The Buffalo News, N.Y.
Nov. 12—Fall 2018 marked the start of one milestone after another for Dr. Hal Reubens and his wife, Linda Singer Reubens.
Three of their four sons got married in a string of small weddings, starting with Tom Reubens, a history professor and 2006 state high school cross-country champion who married his college sweetheart, Katie Nottke, along Loon Lake in the Adirondacks.
Linda Reubens finally had some other women in the family. She and Hal looked forward to grandchildren. And Dr. Reubens’ insistence years earlier that his sons get electrocardiograms before they played sports at Wilson High School buoyed the family belief that good times would continue.
That changed on May 25, 2019, when Tom died of cardiac arrest while asleep in his Seneca Falls home.
“Something like this strikes your family like a sucker punch because you think you’re doing everything right,” said his father, a primary care doctor with Trinity Niagara Family Medicine in Niagara Falls.
Years earlier, those ECGs showed no trace of hypertrophic cardiomyopathy, a disease Dr. Reubens has, in which the heart muscle becomes abnormally thick. This structurally makes it harder for the heart to pump blood.
Those who conducted screenings on the boys, however, had no training to detect subtleties that suggested a different condition, Brugada syndrome, a hereditary disease in five of every 10,000 people worldwide that can cause electrical malfunctions called arrhythmias in the lower chambers of the heart.
Much of the time since their son’s death has been a blur for the Reubens, who live in Ransomville. During the last two years, they have learned through further testing that Linda, too, has a mild form of the syndrome.
She now understands why her brother, Steve Singer, died in his sleep in 2003 at age 47, and a nephew died the same way at age 40.
Each of the other three Reubens sons have been diagnosed with the more serious form of Brugada, Joe and Dan after specialists evoked arrhythmias — the standard way to confirm the diagnosis — and the brothers went into cardiac arrest. They were revived and physicians implanted defibrillators.
Mike, age 25, didn’t go into a life-threatening irregular heartbeat during testing. Still, his cardiac specialist believes he has the disease. His parents are working with him to encourage his skeptical West Coast health insurer to pay for an internal defibrillator. Meanwhile, his cardiac specialist encouraged to buy an automated external defibrillator (AED).
The Reubens now are on a mission to raise awareness about Brugada and other genetic “sudden arrhythmia death syndromes” that can kill apparently healthy people at any age, including infants, children and young adults.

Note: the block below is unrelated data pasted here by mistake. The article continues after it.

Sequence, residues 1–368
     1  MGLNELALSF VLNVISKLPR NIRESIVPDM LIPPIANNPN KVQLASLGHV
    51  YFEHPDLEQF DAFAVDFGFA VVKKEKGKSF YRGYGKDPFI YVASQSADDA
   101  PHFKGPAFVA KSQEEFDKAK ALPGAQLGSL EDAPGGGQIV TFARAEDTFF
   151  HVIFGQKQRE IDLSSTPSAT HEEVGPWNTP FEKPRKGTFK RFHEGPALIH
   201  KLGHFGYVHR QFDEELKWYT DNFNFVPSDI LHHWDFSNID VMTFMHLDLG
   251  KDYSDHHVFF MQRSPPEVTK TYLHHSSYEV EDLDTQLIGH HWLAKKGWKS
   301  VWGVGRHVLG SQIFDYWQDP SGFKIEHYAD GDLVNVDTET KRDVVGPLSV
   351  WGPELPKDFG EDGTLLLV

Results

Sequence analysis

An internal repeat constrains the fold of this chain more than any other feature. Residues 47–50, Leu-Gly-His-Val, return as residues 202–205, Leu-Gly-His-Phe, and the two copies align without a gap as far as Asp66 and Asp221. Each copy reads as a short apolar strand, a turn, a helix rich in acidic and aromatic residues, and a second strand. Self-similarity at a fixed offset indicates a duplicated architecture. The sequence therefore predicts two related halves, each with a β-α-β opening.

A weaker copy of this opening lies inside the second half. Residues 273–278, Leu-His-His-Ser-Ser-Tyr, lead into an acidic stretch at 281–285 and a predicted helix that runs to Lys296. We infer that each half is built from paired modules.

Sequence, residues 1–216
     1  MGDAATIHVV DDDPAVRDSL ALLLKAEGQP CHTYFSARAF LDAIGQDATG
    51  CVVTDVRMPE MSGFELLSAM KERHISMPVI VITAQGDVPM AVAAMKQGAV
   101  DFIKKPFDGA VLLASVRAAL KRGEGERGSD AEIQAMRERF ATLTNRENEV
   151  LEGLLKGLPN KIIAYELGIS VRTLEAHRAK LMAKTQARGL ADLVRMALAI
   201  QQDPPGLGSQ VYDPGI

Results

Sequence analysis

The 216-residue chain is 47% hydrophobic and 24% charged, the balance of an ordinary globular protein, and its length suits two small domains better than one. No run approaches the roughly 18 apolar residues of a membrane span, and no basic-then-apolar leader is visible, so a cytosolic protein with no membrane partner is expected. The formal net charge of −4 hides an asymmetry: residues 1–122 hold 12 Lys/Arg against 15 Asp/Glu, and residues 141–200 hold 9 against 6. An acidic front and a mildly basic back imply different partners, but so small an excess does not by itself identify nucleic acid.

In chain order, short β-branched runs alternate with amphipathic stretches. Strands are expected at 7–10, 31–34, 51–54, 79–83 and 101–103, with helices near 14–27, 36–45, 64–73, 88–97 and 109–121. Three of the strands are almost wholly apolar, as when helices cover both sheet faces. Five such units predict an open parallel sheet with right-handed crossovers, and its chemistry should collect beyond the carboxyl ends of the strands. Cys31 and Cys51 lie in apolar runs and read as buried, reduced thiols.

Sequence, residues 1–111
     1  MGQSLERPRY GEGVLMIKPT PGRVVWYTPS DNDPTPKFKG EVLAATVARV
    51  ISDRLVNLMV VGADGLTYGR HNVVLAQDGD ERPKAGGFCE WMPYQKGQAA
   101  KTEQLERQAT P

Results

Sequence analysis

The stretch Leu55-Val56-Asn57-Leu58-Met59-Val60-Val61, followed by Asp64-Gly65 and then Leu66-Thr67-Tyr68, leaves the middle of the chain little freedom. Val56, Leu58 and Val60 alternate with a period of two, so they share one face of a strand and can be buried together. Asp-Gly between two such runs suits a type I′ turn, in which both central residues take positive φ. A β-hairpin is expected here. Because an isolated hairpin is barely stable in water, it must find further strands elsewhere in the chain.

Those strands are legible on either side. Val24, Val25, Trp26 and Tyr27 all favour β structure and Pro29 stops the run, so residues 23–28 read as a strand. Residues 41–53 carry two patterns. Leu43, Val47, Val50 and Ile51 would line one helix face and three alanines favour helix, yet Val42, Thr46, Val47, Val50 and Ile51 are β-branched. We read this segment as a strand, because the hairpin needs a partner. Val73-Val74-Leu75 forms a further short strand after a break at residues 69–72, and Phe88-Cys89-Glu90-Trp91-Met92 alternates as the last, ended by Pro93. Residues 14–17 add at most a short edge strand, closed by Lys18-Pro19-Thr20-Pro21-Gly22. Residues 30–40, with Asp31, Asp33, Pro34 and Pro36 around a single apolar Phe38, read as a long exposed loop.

“These conditions can be treated and deaths can be prevented,” according to the SADS Foundation website.
Symptoms for all — palpitations, fainting, seizures and a family history of unexpected, sudden cardiac death — can sometimes mislead. The stakes can be severe. Someone every hour of every day succumbs to SADS across the globe.
Brugada syndrome alone “is responsible for 4-12% of unexpected sudden cardiac deaths worldwide, especially among the young,” according to the Brugada Foundation.
“We just want families to be aware because to lose a child is devastating,” Dr. Reubens said. “People, including physicians, are often not aware to watch for this cardiac condition until it is too late.”
Wilson school district officials — including Superintendent Tim Carter and Tom Reubens’ former cross-country coach Brett Sippel — gathered with the Reubens family, friends and loved ones on Oct. 24 to dedicate a red sugar maple and plaque outside Wilson Elementary School in memory of Tom. They recalled his love of running, history and horticulture, and his thirst to share his knowledge and passion with others.
Trinity Niagara Family Medicine also announced it will donate $50,000 to the Brugada Foundation and SADS in memory of Tom Reubens to bolster awareness, education and research.
“Our family is mindful that there have been many other students and alumni that have been taken all too soon as well,” Dr. Reubens read in a statement from the family to those gathered. “We are also well aware of how losing someone shatters a family’s life, filling it with pain, regrets and emptiness. We would like to think of this tree as a tribute to all those who have been lost. …
“We would like to encourage high schools and colleges to follow Ohio’s Lindsay’s Law,” he continued, “which reviews family history and warning signs to screen for at-risk students.”
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